Of course, the security of data gathered, stored, and shared through IoT and Industry 4.0 applications is a significant concern in medical device manufacturing and diagnostic industries. The more data made available, the more opportunities there are for the information to be used inappropriately. It’s unavoidable that any time there is an IoT gateway on a machine, there is a risk of leaks or hacks. Security is the biggest hurdle to complete adoption and integration of Industry 4.0 principles, so users and machine builders need to understand the risks and how they can be mitigated or reduced. Look for cloud-based apps that use certificate authentication, and an external industrial VPN is recommended for secure remote access.
Capitalizing on the benefits of Industry 4.0
The scale of capital investment required for automation in medical device and diagnostic equipment manufacturing, together with the critical nature of the products and processes, place tough demands on suppliers for robustness, accuracy, and interoperability of the parts and systems used in automation and Industry 4.0 initiatives.
As Industry 4.0 and IoT projects expand their reach across the manufacturing floor, products that were once seen as commodities – such as linear guides, ball screws, and sensors – will become key enablers of advanced functions, including real-time monitoring, predictive and preventive maintenance, and part tracking. Combining traditional automation with advanced sensing technologies, such as the XDK sensor box, which is a turnkey kit that provides instant IoT connectivity for devices or machines, is just one example of this type of integration.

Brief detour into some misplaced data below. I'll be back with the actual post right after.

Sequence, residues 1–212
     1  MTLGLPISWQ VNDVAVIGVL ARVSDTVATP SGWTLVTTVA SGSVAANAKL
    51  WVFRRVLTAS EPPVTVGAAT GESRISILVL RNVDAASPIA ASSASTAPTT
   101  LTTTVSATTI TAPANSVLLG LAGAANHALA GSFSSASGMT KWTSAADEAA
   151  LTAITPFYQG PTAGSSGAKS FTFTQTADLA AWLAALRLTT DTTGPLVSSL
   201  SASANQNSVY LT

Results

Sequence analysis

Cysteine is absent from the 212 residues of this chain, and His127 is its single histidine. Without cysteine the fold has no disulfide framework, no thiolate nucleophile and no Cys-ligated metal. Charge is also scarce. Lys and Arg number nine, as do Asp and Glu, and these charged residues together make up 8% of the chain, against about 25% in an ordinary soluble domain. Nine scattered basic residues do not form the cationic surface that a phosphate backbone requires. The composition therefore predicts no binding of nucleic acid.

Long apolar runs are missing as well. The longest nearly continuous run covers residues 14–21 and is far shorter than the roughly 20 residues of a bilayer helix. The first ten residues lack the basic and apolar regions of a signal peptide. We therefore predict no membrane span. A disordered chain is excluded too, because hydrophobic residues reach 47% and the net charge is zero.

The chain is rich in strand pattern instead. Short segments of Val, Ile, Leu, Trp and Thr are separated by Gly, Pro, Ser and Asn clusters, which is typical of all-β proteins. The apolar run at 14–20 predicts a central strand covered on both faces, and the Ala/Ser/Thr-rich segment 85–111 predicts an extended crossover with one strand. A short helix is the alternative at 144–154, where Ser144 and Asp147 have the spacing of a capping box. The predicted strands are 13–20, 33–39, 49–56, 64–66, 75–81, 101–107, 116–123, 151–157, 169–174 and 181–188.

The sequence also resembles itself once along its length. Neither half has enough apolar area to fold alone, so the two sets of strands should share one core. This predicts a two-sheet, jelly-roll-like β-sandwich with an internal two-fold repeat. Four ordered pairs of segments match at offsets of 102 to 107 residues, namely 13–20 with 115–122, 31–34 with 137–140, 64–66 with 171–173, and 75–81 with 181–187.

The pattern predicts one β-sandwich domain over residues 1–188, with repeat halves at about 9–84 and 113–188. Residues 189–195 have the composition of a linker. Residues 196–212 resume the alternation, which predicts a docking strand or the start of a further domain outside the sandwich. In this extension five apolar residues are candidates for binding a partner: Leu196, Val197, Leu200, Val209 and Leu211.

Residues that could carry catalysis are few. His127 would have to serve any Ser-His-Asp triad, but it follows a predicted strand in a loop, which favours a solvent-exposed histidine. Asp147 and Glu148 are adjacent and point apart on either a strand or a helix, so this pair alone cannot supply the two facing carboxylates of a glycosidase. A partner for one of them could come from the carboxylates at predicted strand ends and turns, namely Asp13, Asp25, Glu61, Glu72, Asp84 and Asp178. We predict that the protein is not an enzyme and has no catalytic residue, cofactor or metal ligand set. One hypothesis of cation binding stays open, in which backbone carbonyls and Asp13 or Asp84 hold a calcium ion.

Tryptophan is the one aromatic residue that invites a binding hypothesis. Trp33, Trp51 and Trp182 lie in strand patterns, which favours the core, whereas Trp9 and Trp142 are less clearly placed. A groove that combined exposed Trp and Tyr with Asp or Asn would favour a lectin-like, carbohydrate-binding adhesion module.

Manufacturers of medical devices and diagnostic equipment are relying more and more on automation to ensure a fully robust process to meet regulatory requirements. Complete automation solutions require ease of use and interoperability. Fortunately, vendors such as Bosch Rexroth have designed products and systems with the integration of automation and IT as a core principle, allowing customers to fully embrace and capitalize on the benefits that Industry 4.0 can provide.
“Industrie 4.0 – What Is It?,” Germany Trade and Invest, https://www.gtai.de/GTAI/Navigation/EN/Invest/Industries/Industrie-4-0/ Industrie-4-0/industrie-4-0-what-is-it.html
Cornelius Baur and Dominik Wee, “Manufacturing’s next act,” McKinsey & Company, https://www.mckinsey.com/business-functions/ operations/our-insights/manufacturings-next-act